If a student can absolutely not decide between multiple colleges, even after comparing multiple factors, Hammond says financial aid is the best place to start.
Even if a student has only applied to one institution, it is important to be certain that higher education is the right choice for them before making any commitments. It is also expected that students in this situation have done a considerable amount of research into their institution of choice, as they have eliminated other options. If a student in this situation has not done this, it may be a sign that they have applied for the wrong reasons.
Only applying to one college herself, Mihalik explained, “All students should be determining first that college is the right move for them at this moment. Data shows us that many students go to college because it’s an expectation after high school rather than because it’s the right move for their long-term career and life goals.”
Hammond also suggests that students consider their previous school experience: “I always encourage students to think about what made them successful in school. What about the environment contributed to their success? Now translate that to college.” A student may be surprised to find that a college does not offer those same opportunities and even that they may be offered somewhere entirely different.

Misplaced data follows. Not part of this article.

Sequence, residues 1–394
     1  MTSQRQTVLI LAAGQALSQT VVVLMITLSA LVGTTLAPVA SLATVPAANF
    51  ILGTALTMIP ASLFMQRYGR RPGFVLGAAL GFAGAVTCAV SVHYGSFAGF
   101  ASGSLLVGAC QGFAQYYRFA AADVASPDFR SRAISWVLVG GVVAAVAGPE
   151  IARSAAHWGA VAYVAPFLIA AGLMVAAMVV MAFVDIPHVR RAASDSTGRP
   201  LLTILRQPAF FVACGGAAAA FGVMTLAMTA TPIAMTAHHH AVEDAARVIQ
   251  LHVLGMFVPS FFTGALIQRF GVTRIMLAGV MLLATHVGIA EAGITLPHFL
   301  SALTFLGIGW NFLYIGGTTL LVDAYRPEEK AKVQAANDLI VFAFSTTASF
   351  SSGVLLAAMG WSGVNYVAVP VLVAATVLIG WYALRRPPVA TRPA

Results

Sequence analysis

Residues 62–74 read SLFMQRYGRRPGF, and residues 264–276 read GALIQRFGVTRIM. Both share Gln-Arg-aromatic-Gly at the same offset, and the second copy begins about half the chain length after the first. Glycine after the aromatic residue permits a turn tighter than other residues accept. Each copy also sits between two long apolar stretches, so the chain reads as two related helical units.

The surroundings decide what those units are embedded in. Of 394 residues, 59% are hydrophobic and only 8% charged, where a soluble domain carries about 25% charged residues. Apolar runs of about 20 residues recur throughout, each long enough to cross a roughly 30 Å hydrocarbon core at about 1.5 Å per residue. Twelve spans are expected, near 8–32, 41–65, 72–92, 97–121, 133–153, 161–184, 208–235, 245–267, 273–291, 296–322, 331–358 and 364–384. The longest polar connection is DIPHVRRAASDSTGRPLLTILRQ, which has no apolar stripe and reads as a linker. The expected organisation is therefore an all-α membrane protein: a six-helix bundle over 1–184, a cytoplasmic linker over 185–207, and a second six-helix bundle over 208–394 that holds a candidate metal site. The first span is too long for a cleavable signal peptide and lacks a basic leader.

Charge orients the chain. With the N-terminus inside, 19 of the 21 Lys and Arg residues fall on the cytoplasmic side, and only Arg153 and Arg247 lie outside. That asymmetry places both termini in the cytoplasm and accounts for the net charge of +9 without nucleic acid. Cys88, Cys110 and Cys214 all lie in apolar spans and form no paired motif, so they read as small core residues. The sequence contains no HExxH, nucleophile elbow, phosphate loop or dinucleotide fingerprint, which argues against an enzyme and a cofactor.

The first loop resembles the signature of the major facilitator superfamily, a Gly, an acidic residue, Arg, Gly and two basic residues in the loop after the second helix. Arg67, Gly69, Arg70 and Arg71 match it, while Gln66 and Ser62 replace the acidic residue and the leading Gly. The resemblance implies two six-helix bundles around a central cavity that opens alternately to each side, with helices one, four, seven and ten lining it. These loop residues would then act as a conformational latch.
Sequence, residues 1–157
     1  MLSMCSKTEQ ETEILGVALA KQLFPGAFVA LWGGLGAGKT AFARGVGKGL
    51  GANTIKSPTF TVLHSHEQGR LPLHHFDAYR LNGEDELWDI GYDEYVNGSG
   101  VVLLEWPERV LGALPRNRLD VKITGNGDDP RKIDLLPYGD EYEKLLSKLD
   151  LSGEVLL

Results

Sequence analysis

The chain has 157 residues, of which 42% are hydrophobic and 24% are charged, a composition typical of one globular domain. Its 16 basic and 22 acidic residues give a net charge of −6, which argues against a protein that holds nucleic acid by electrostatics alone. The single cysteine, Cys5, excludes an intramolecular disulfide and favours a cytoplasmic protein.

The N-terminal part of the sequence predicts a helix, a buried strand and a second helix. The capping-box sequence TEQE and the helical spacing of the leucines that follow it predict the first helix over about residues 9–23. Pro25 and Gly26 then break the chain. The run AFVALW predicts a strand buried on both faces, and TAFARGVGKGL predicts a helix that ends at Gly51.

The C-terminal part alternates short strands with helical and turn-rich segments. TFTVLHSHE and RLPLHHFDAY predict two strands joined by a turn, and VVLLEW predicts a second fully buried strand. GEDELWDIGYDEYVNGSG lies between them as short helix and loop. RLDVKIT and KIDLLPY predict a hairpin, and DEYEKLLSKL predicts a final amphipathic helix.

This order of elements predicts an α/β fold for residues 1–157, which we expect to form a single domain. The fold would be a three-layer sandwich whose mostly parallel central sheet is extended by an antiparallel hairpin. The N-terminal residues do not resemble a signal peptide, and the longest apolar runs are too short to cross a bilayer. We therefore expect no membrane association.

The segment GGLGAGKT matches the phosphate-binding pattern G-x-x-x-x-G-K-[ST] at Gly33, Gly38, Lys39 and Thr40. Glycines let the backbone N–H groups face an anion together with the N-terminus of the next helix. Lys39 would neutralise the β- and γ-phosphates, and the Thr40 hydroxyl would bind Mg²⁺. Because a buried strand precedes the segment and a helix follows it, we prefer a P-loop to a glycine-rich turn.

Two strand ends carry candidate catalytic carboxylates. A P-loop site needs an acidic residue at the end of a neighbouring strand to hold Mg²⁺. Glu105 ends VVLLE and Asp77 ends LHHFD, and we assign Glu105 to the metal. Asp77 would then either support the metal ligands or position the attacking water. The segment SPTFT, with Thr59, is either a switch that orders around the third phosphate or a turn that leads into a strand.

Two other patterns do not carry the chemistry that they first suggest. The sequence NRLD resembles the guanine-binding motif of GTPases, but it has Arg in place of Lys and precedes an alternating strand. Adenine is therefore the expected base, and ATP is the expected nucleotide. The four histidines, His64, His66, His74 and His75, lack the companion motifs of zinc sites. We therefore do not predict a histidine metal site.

Going to college is not for everyone. One of the ways a student might discover this is through an in person visit to campus, which is highly encouraged by Mihalik. She stated, “Something else would be to consider the student body and whether you think you would feel comfortable with them. This is where visiting a college can be helpful. If you want a diverse student population, see if you can find the college’s data regarding the makeup of their student body. If it’s not as diverse as you were hoping, see what opportunities there are for growth and determine if that helps in your decision.” She also made sure to clarify that not every student will share the same experience during their college search.